The money story begins with a state desiring to provision itself.
To do this it must move real resources from private to public domain.
It does this by levying a tax payable in its own currency for which it is the single supplier.
This functions to create sellers of goods and of services, such as labor, seeking the needed currency.
We define people looking for paid work who haven’t yet found it as unemployed.
Therefore it can be said that in the first instance taxes function to create unemployment,
for the further purpose of the state then hiring those its tax caused to become unemployed.
The state then hires those it caused to become unemployed, thereby provisioning itself.
If the tax created more unemployed than the state desired to hire, the evidence is the residual unemployment. (And note that there is no unemployment as we know and define it in non monetary societies.)
The state can then ‘correct it’s error’ by either hiring the remaining unemployed or lowering the tax liabilities until they return to the private sector.
However, private sector agents don’t like to hire unemployed workers, but instead prefer to hire those already working. It’s risky to hire unemployed as employers don’t know if they’ll be punctual, clean, or display confrontational and disruptive behavior on the job, etc.
That is, the state has damaged people by causing them to become unemployed and then not hiring them.
Therefore I propose the state offer a transition job for anyone willing and able to work, for the further purpose of facilitating the transition from unemployment to private sector employment.

For the US, I have proposed that first the Federal govt. notifies all Federal supervisors that they can hire anyone willing to work for them at the transition job wage, in full knowledge that these people will be susceptible to being hired away from them by private sector employers. After 90 days, the program will be extended to the state and local governments, and after another 90 days it will be extended to the non profit sector, which should be sufficient for all those willing and able to become transition workers to find employment.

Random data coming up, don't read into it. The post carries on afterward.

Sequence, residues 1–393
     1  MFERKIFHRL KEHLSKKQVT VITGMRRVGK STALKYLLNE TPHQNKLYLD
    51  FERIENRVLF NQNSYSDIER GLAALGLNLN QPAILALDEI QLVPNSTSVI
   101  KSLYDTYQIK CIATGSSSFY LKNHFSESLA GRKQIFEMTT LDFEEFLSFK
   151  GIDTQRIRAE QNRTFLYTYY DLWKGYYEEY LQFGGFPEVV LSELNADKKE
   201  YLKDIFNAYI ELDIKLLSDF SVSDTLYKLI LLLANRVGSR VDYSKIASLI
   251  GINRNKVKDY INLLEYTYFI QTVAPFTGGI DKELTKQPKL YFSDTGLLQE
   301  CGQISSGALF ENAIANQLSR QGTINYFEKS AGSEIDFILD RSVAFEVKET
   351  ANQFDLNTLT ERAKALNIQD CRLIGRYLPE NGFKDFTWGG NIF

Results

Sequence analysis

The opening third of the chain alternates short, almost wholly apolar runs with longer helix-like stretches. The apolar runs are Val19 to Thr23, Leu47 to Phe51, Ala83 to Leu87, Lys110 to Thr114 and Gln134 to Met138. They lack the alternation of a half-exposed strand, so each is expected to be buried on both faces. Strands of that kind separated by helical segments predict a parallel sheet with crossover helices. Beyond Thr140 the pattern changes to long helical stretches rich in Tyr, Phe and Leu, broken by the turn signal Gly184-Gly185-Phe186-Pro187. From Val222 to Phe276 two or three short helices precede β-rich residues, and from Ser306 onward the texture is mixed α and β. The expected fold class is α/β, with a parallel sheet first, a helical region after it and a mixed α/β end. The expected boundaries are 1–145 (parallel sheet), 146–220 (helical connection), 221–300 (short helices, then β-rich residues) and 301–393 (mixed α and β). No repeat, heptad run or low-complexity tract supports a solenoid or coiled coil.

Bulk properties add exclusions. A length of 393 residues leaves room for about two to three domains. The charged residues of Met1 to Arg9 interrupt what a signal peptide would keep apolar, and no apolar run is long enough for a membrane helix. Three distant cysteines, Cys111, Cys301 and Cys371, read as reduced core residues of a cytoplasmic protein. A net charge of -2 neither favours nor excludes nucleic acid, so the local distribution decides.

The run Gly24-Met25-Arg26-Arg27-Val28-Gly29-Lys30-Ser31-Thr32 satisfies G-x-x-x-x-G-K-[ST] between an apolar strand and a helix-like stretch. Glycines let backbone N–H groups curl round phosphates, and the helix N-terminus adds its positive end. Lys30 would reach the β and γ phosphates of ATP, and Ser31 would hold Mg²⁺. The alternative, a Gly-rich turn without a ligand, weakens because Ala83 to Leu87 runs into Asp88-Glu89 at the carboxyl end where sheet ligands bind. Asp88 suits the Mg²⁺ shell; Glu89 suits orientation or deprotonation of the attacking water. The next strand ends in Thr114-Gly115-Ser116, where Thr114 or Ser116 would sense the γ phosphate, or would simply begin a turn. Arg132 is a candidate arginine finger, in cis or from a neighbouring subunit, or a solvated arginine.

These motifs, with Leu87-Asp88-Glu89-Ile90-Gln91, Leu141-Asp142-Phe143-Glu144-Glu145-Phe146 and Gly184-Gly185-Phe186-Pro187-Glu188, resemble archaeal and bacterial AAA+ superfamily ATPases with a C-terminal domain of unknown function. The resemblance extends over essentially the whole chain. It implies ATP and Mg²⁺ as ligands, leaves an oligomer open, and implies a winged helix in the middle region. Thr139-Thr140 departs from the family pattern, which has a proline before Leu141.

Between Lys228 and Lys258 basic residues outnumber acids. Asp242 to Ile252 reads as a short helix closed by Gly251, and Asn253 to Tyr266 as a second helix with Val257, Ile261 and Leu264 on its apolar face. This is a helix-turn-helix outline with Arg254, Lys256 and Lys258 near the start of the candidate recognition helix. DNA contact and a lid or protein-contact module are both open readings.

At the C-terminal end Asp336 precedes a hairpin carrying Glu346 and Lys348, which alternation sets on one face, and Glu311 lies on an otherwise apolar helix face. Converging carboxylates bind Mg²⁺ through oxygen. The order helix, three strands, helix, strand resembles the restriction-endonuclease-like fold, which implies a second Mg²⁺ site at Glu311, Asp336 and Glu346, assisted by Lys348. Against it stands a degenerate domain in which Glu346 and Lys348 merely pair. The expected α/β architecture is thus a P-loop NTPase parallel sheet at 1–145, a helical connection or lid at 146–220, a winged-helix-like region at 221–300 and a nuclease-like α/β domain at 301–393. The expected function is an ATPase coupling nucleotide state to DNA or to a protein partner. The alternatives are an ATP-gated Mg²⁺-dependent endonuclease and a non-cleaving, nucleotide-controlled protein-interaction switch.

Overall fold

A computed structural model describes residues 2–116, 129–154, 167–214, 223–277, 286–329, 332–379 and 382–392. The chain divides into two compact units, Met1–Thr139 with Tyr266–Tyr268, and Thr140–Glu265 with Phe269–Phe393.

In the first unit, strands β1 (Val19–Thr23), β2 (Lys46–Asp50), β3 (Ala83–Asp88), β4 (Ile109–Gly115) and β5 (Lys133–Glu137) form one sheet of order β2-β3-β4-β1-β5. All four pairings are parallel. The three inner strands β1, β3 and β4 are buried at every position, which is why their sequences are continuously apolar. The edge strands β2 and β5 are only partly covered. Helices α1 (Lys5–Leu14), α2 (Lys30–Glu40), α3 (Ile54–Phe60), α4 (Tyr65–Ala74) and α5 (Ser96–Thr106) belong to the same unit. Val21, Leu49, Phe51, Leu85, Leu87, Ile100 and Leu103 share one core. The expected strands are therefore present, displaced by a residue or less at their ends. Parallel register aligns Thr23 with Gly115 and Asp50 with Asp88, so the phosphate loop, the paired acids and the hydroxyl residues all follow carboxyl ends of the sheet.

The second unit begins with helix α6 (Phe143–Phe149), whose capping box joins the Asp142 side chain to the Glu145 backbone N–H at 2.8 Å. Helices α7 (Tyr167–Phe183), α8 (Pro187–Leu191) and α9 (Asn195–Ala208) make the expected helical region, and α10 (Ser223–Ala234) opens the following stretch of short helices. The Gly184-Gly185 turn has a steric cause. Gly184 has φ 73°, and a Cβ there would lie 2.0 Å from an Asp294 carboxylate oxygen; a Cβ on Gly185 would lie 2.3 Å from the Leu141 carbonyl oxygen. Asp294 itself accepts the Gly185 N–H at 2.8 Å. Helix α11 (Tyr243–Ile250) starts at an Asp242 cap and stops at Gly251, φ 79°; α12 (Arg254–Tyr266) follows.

I’ve also proposed that initially the transition job wage be fixed and ‘non disruptive’ as the purpose is not to attract workers who are already employed in the private sector by offering higher wages.
The transition job can also come with benefits such as paid vacation, etc. which introduces benefits ‘from the bottom up’ and works to cause private sector employers to offer similar benefits.

warren mosler says:

February 25 2018 at 9:17 pm

And let me add that an employed transition job buffer stock has every reason to function as a superior price anchor to today’s policy of unemployment as a buffer stock, again because transition workers are far more ‘liquid’ with regard to transitioning to private sector employment than unemployed workers.

That is, this is an anti inflationary policy vs today’s policies, and it also provides a form of full employment that’s been called ‘loose full employment’.


Richard Murphy: Zergatik DTM? Warren Mosler-ekiko eztabaida (2) | Heterodoxia, diru teoria modernoa eta finantza ingeniaritza says:

February 25 2018 at 6:23 pm